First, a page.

NOTE: From now on, we’ll assume that you start lab by connecting to the CS portal and that you are familiar with the command line environment. If you have not been practicing with the terminal, we strongly encourage reviewing Lab 1.
We will also assume that you ran the setup script from that lab and have all modules (including clang and git) by default.
A Mad Programmer created a slew of “escape rooms”. Each binary escape room is a program, containing a sequence of puzzles. Each puzzle expects you to type a particular string. If you type the correct string, then the puzzle is solved and the escape room proceeds on to the next puzzle. Otherwise, the escape room flags the attempt, prints a message, tells us it did so, and then terminates.
In lab, we strongly encourage you to work with one another. Reading binary is much more fun and effective with someone else to talk to.
You should not work together on puzzle 2 and beyond, that is HOMEWORK.
You’ll use the same escape room for this lab and for the following homework.
For lab, you need to either (a) have a TA record that you were part of a team that solved the first puzzle or (b) solve the first puzzle in your escape room.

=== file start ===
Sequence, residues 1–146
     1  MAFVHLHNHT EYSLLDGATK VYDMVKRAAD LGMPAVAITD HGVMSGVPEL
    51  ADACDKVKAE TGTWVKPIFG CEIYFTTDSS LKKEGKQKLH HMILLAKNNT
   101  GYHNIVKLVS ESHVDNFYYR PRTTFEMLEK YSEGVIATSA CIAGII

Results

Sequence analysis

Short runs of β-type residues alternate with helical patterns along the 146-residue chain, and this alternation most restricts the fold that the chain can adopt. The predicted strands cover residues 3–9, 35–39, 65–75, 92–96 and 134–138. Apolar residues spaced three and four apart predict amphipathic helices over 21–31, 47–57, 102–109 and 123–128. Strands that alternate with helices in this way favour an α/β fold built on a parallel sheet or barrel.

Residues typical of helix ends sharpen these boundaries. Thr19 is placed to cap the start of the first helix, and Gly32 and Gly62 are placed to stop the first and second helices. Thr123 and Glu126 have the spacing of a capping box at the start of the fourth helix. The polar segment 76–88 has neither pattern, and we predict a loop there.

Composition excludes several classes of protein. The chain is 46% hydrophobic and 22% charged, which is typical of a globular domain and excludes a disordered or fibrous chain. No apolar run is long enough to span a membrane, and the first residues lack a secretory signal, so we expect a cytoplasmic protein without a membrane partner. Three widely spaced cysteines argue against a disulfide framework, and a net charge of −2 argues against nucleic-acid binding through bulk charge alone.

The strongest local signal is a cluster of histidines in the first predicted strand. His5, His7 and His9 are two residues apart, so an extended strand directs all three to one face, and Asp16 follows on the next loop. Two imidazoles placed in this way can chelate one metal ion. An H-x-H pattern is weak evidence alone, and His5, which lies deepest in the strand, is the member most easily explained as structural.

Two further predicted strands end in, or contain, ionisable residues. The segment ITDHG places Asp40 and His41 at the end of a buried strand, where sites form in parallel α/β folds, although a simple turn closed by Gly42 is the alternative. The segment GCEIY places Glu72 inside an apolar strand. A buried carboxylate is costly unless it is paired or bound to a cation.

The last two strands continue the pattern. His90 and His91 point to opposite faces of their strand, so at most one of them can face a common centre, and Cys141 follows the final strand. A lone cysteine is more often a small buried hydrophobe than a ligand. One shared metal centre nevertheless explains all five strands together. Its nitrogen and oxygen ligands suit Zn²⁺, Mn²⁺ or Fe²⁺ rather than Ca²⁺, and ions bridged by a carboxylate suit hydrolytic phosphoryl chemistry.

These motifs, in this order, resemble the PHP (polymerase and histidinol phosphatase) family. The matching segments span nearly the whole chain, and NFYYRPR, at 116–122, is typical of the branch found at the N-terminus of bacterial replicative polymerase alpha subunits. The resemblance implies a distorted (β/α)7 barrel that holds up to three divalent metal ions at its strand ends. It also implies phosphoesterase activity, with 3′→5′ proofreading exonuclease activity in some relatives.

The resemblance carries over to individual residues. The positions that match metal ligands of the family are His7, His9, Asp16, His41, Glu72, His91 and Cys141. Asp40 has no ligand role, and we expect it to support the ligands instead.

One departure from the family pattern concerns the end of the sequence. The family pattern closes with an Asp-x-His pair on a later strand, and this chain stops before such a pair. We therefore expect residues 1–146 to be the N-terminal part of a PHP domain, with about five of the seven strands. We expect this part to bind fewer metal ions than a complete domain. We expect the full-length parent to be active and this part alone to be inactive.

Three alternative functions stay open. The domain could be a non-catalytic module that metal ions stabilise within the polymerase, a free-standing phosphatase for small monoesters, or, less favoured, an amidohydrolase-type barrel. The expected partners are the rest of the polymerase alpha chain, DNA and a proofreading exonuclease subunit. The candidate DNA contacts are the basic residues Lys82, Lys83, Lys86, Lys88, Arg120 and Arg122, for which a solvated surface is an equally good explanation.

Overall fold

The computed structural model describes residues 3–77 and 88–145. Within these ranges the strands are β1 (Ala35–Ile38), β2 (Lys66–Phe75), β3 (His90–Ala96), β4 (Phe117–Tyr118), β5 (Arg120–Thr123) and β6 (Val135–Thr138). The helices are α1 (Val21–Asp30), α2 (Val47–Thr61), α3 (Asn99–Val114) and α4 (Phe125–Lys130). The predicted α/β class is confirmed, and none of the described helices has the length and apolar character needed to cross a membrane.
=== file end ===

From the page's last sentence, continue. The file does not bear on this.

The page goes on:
For the homework, you’ll need to solve the additional puzzles on your own.
Each time your escape room flags an attempt, it notifies the escape room server. If we’re notified of 20 flags we’ll start removing points each time your room is flagged.
Run our script to get a unique escape room in your home directory:
#is your room number).
- Read the
- You are welcome to look at
room.c– it isn’t very interesting, though
- Do whatever you need to understand what the escape room and puzzles are doing
- Only run the escape room
./roomonce you are confident you can solve a puzzle (or at least avoid a flag being sent)
- Once you solve a puzzle visit the scoreboard to verify that we saw your success.
If you run your escape room with a command line argument, for example,
./room psol.txt, then it will read the input lines from
psol.txt until it reaches EOF (end of file), and then switch over to the command line. This will keep you from having re-type solutions.